Go to www.python.org and download the latest version of Python (version 3.5 as of this writing). It should be painless to install. If you have a Mac or Linux, you may already have Python on your computer, though it may be an older version. If it is version 2.7 or earlier, then you should install the latest version, as many of the programs in this book will not work correctly on older versions.
IDLE is a simple integrated development environment (IDE) that comes with Python. It’s a program that allows you to type in your programs and run them. There are other IDEs for Python, but
for now I would suggest sticking with IDLE as it is simple to use. You can find IDLE in the Python 3.4 folder on your computer.
When you first start IDLE, it starts up in the shell, which is an interactive window where you can type in Python code and see the output in the same window. I often use the shell in place of my calculator or to try out small pieces of code. But most of the time you will want to open up a new window and type the program in there.
Note At least on Windows, if you click on a Python file on your desktop, your system will run the program, but not show the code, which is probably not what you want. Instead, if you right-click
on the file, there should be an option called Edit with Idle. To edit an existing Python file, either do that or start up IDLE and open the fle through the File menu.
Keyboard shortcuts The following keystrokes work in IDLE and can really speed up your work.
A first program
Start IDLE and open up a new window (choose New Window under the File Menu). Type in the following program.
temp = eval(input('Enter a temperature in Celsius: ')) print('In Fahrenheit, that is', 9/5*temp+32)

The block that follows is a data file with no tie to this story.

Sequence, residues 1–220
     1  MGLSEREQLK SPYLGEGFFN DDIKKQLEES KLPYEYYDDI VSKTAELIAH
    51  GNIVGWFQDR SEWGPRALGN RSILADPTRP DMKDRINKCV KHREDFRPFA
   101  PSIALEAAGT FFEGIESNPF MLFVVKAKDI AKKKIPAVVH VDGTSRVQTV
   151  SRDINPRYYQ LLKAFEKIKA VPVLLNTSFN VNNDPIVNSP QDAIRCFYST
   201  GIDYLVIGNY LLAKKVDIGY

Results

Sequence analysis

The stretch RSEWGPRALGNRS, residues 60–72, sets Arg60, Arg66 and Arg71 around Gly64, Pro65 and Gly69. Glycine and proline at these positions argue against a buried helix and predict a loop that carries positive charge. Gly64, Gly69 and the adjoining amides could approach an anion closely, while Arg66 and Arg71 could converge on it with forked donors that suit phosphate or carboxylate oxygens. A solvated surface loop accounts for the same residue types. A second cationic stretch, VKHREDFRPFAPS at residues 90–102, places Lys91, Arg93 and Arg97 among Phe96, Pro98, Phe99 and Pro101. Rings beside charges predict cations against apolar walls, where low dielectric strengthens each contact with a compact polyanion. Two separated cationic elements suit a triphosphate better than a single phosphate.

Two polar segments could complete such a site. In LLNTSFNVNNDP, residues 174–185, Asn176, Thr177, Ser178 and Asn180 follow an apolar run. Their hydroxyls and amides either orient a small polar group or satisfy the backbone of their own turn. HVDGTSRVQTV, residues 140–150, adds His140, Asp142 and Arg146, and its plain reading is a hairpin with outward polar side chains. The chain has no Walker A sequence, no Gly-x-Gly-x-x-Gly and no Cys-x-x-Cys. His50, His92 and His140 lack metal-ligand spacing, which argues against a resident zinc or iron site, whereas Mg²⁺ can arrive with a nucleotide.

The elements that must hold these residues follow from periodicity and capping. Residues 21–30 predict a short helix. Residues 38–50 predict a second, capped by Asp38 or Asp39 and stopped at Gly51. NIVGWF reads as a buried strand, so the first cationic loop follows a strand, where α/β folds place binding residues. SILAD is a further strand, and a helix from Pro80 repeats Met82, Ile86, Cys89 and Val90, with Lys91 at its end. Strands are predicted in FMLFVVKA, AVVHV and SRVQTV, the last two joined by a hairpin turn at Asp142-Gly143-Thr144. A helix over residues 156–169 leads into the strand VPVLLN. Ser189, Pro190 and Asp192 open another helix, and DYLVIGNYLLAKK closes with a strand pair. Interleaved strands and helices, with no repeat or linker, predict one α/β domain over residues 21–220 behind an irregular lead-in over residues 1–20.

Then, under the Run menu, choose Run Module (or press F5). IDLE will ask you to save the fle, and you should do so. Be sure to append .py to the flename as IDLE will not automatically append it. This will tell IDLE to use colors to make your program easier to read.
Once you’ve saved the program, it will run in the shell window. The program will ask you for a temperature. Type in 20 and press enter. The program’s output looks something like this:
Enter a temperature in Celsius: 20
In Fahrenheit, that is 68.0
Let’s examine how the program does what it does. The frst line asks the user to enter a temperature. The input function’s job is to ask the user to type something in and to capture what the user types. The part in quotes is the prompt that the user sees. It is called a string and it will appear to the program’s user exactly as it appears in the code itself. The eval function is something we use here, but it won’t be clear exactly why until later. So for now, just remember that we use it when we’re getting numerical input.
We need to give a name to the value that the user enters so that the program can remember it and use it in the second line. The name we use is temp and we use the equals sign to assign the user’s value to temp.